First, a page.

When you think of Dallas, the Cowboys, Southfork ranch and big, shiny things paid for with oil money are what usually come to mind.
But a closer look reveals something much darker. Easy access to highways and busy commercial trade make the city a hub for illegal activity.
"We're in the south central part of Dallas," Dallas Police Lt. Mike Coleman said.
"We're very close to one of the major truck stops. There's hotels; there's a lot of traffic. We're next to a major thoroughfare next to I-20, and so you get a lot of transient people that come in and out. It's a fertile ground for prostitutes," he told CBN News.
'Prostitution Diversion Initiative'
The Dallas Police Department took a unique approach to the world's oldest profession by offering prostitutes an opportunity to clean up and get off the streets, in lieu of going to jail.
Coleman is head of the department's Prostitution Diversion Initiative, or PDI. It's a partnership between Dallas police, Social Services and other organizations.
The department started the program five years ago mainly out of frustration over arresting the same women over and over again.
"It allows us to move the prostitutes from the wheel of going around in the criminal justice system on a regular basis to moving into a recovery mode," Coleman explained. "(We) realized we were not going to arrest our way out of this."
A key part of the program is that police treat the women they arrest as victims, not criminals.
"When you treat them as a victim, that's what allows them to get the services that they need for whatever is ailing them, be it drug addiction, be it whatever counseling needs they have, for whatever it is that's causing them to be engaged in this lifestyle," Colemen explained.
One night a month police set up a mobile command center near a local truck stop where hookers find their clients. Officers make arrests for prostitution and other crimes.
The women are given a choice: jail or a chance at a new life via the PDI 45-day program.
Only those who are charged with a misdemeanor can participate in the program. If they accept the offer, the services range from job counseling to mental health services to drug and alcohol rehabilitation.
Renee Breazeale, a community liaison for PDI, said many of the prostitutes she sees suffer years of pain before turning to the streets.
"Eighty to 85 percent of them will acknowledge and are able to articulate childhood victimization, sexual abuse, physical abuse, exploitation, deprivation," she said.
The program also sees women who are victims of sex trafficking.
"We have had several women that have been transported literally across the nation—truck stop to truck stop," Breazeale said. "We've had several women that have been kidnapped, forced into sexual slavery."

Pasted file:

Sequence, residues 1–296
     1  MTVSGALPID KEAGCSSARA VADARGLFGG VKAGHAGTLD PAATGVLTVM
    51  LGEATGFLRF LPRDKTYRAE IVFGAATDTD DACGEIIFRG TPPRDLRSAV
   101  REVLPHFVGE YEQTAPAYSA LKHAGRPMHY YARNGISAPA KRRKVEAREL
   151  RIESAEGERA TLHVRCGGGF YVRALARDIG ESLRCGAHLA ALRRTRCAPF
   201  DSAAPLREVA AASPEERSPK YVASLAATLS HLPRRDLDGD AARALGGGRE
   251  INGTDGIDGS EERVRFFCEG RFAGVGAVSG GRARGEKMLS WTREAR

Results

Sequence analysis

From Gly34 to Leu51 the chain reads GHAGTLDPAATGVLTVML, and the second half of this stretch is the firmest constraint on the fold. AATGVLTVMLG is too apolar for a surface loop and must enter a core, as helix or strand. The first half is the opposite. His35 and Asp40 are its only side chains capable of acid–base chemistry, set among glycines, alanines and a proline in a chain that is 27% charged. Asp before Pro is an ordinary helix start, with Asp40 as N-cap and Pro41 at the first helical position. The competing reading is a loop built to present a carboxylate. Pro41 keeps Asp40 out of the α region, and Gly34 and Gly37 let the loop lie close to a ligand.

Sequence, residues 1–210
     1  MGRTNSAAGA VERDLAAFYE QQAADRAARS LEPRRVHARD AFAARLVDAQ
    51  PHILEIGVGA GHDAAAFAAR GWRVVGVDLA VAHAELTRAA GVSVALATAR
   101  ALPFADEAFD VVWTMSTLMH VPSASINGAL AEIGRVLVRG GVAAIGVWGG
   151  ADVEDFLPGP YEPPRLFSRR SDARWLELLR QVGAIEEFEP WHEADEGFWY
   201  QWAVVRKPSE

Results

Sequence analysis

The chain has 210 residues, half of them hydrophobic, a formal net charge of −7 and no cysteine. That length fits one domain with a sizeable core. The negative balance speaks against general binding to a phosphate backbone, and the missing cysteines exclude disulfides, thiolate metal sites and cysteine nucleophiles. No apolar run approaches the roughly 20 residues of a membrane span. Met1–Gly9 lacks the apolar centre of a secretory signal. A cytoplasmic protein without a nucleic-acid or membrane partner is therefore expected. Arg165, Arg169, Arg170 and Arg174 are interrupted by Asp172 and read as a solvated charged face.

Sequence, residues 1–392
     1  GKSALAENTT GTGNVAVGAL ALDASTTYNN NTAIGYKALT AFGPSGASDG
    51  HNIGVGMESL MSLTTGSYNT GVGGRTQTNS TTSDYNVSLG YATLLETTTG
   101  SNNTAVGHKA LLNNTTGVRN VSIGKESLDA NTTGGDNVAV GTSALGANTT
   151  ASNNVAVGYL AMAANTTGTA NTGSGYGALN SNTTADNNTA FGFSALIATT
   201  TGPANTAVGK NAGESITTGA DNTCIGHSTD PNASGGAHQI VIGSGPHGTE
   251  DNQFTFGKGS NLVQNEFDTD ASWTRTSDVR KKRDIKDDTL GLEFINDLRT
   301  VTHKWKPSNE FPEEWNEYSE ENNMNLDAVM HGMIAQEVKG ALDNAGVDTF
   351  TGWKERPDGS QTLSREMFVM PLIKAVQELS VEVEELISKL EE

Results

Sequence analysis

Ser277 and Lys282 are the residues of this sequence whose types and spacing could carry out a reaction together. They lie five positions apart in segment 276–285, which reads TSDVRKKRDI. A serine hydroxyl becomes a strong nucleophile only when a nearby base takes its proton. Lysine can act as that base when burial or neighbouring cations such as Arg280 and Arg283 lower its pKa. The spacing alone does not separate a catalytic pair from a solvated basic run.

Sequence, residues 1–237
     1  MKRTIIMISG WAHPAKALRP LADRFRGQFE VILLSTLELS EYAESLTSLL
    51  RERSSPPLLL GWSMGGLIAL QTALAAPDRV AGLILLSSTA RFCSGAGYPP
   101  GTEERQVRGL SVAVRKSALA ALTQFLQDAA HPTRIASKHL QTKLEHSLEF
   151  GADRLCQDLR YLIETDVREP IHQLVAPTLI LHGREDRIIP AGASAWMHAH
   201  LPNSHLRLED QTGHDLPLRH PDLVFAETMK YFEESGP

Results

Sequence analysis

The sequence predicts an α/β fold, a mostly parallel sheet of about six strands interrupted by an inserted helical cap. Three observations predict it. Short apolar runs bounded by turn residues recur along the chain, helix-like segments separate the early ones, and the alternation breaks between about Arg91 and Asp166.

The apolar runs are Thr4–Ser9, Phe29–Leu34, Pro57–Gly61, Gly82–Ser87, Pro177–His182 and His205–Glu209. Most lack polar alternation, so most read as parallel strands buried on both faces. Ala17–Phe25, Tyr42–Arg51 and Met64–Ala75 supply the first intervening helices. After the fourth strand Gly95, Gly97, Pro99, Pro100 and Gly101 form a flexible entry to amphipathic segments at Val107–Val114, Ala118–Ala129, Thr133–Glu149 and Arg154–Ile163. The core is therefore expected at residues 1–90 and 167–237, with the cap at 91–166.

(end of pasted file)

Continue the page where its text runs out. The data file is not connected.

"Unfortunately, the ones that are controlled by maybe a pimp or they may be controlled by an individual, those are the ones that we would like to have through the program. Those are the ones we'd like to get away from that environment," Coleman explained.
Since the launch of PDI five years ago, police have arrested more than 700 prostitutes. While almost half of the women choose the program, not all of them complete it.
Jammie Wolfe once worked the streets of Dallas. She now works as a drug rehab volunteer with PDI. She shared her story while trying to convince other women to give the program a try.
"I think that this program offers a place that women have never had before," she told CBN News.
"It offers a place of safety. It offers a place of non-judgment. It offers a place to come when you're done," she said. "Even if you're just done for the night, you know you can come here."
Prostitute: God Changed Me
Karen Green was a prostitute and drug addict for 15 years. She said finding God changed her life. She now serves as a volunteer once a month with PDI and prays other women will find freedom, too.
"When I come out here, I just walk the grounds and I claim it for Jesus and every woman that comes through the PDI," Green said.
"I pray over her and ask the Lord to give her just the strength to say yes, that she wants help," she said.
Police said saying yes to the help PDI offers is the starting point on the road to a new life for the women. Once they complete the program, volunteers help them find a job, a home, or reconnect with family.
That is something that benefits the women, police and the entire community.
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